We have not given assistance because of some political instructions from somewhere else. We have given our help, military or otherwise, because we knew what was needed. This knowledge that we need to help has been accompanied by the desire of our people, the wisdom of our officials and the courage of our politicians to do just that. We have behaved as a strong country and a strong people, and above all as a nation that is morally strong.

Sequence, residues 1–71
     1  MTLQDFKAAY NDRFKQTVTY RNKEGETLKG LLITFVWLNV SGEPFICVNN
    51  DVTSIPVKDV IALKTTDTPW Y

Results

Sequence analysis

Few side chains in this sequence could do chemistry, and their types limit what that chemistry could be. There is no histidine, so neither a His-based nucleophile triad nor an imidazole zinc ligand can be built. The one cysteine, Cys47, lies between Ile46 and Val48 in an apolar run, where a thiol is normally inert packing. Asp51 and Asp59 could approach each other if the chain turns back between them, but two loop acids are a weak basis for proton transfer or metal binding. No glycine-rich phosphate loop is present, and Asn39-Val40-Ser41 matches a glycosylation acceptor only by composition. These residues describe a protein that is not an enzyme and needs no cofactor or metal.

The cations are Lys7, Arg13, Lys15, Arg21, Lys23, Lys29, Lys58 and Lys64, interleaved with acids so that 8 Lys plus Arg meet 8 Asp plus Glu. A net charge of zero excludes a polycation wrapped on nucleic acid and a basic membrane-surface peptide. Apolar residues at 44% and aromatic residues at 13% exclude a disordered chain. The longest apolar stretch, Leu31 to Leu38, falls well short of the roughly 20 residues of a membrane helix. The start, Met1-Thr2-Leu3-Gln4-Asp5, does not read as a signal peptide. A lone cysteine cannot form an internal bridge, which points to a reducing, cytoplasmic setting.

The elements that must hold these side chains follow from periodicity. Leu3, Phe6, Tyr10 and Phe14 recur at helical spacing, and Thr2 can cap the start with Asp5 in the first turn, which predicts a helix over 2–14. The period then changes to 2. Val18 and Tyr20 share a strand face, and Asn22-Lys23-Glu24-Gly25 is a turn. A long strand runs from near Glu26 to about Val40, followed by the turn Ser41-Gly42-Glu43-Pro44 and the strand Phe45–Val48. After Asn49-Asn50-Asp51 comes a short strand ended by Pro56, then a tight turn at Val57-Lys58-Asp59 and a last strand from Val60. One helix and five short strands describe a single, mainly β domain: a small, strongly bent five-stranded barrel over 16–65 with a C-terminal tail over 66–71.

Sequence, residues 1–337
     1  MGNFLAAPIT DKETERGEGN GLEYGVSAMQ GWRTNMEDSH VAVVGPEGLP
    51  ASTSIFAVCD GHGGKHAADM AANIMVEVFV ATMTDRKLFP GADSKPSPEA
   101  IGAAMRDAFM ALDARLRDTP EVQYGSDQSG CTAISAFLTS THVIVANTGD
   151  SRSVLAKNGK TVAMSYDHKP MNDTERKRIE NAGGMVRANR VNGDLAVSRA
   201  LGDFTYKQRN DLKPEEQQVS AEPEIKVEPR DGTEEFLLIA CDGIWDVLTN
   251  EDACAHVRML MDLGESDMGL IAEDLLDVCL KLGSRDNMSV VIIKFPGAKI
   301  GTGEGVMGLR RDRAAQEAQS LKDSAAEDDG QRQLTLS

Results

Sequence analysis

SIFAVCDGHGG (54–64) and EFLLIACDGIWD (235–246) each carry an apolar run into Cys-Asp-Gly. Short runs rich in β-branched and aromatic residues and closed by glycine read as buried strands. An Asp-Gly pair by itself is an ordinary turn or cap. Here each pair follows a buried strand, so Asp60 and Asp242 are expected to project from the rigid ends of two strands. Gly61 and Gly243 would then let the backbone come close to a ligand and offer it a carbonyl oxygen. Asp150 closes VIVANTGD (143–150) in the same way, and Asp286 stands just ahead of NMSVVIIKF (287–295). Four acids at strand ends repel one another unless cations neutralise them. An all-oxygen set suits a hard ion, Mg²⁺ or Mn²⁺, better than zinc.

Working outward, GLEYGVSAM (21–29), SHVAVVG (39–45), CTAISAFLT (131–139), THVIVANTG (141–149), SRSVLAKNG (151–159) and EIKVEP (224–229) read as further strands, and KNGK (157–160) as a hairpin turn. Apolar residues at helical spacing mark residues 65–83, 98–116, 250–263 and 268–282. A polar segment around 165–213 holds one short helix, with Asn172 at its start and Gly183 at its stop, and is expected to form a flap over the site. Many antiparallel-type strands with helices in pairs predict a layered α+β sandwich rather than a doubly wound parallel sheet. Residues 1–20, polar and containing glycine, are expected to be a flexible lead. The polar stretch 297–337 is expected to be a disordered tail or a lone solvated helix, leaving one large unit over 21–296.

Through this moral strength, we have perhaps been able to surprise others with our physical strength. Our relatively small Defense Forces may sometimes have been mocked, but they have proved able to provide weapons and equipment in quantities that no one expected. I know that the Defense Forces are capable of even more surprises. Good ones for those on our side, and nasty shocks for our enemies. These surprises will be all the greater because in the course of a year our Defense Forces have only become stronger. We have increased our stockpile of ammunition and upgraded our weapons. Membership the Defense League providing territorial defense has increased. The units representing the Defense League today at this parade are comprised of members who joined during the past year. Over that year, we have improved how we work with our Allies in Estonia, by creating a new division. Today, U.S. multiple rocket launchers and an infantry company are deployed here, and we will soon be seeing additional French and Spanish units serving side by side with the eFP battlegroup and the Baltic Air Policing detachments.